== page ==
July 1, 2009
As toddlers grow and develop their speech skills, deciphering their words can sometimes be challenging at best. However, if children are late to talk or they are hard to understand, it could indicate a speech or language disorder.
Joining us for this week's Martha Jefferson Healthwise is speech-language pathologist Cindy Kyle with tips to gage whether your child’s speech development is on track.
BD: Is there a difference between “language” and “speech?”
CK: Yes. “Speech” refers to the sounds that come out of our mouths, or how clearly and fluently we pronounce sounds in words and sentences. “Language” refers to knowledge of words and the rules that govern the combination of words into phrases, sentences, and text.
BD: When listening to a young child speak, what should parents look out for to determine if their speech development is normal?
CK: Children develop their speech skills at different rates. However there is a normal pattern of development for the acquisition of speech sounds in children. For example, most two- year olds can pronounce b, d, h, m, n and p, such as in the words “dada,” “mama” and “baby.” A good general speech guideline is that by age 3, an unfamiliar listener should understand about 75% of what the child says.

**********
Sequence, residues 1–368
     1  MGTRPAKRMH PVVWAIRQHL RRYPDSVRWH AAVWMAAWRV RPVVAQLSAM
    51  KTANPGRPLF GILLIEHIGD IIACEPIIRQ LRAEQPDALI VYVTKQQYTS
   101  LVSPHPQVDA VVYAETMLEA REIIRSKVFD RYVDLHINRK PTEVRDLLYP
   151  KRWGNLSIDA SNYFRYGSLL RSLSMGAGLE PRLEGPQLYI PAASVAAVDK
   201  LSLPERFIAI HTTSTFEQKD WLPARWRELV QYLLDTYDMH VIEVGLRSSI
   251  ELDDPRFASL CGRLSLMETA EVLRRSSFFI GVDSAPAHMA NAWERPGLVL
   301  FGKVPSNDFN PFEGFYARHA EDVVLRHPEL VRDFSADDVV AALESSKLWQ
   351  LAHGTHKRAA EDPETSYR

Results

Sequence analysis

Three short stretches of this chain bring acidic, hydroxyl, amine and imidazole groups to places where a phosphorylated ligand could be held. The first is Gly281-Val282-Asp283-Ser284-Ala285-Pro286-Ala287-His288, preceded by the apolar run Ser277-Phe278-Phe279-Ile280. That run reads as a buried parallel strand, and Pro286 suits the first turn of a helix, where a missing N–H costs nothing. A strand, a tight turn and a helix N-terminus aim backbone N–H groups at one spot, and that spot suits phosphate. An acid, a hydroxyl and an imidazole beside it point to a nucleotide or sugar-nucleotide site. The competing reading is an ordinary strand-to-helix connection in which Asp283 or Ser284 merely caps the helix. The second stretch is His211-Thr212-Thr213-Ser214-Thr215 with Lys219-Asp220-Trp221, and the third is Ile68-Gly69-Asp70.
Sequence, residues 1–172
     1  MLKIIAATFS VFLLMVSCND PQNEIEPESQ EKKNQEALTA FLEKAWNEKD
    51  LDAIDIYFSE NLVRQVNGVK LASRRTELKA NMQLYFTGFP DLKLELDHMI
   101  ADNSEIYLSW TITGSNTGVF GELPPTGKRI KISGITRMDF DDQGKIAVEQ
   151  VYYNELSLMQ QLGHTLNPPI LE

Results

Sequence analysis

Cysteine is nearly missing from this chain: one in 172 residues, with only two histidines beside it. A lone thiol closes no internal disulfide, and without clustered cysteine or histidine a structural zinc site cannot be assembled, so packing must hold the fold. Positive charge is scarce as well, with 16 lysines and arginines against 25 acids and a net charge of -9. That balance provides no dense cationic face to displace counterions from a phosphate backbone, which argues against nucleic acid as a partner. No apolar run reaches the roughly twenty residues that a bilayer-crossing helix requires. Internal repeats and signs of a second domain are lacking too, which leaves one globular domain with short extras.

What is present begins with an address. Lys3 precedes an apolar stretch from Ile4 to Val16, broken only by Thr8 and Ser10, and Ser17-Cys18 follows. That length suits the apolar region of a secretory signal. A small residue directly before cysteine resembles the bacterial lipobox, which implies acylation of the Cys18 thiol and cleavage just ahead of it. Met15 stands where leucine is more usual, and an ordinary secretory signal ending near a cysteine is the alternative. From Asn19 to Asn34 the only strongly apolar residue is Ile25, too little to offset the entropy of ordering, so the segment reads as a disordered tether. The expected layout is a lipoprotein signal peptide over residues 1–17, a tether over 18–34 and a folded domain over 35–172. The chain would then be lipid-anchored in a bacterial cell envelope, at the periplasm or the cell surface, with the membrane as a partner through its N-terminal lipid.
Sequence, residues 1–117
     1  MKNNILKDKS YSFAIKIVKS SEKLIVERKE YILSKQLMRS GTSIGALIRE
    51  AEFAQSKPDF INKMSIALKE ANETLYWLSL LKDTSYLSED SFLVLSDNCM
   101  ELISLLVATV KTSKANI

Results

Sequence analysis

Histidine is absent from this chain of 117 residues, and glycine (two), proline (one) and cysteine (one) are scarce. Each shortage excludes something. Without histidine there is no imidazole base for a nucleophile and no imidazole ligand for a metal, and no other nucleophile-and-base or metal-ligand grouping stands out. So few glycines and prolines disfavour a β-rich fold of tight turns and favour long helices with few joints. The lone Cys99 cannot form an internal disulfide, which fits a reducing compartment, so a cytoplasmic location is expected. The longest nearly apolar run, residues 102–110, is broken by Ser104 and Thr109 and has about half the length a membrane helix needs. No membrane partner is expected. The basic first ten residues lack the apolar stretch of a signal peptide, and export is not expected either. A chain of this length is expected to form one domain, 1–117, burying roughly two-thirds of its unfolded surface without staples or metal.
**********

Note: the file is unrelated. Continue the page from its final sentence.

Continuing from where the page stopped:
BD: What therapy options are available for children with speech disorders?
CK: For children ages 0-3, there is Early Intervention in our community, and Early Intervention therapists come to the child’s home to evaluate and provide therapy for the children and provide education for parents. For pre-schoolers, school-age and adolescent children, we offer speech therapy At the Martha Jefferson Outpatient Care Center. Therapy consists of age-appropriate activities, which for the younger children is play, and for the older children is play combined with activities designed to support their success in school and with their social skills.
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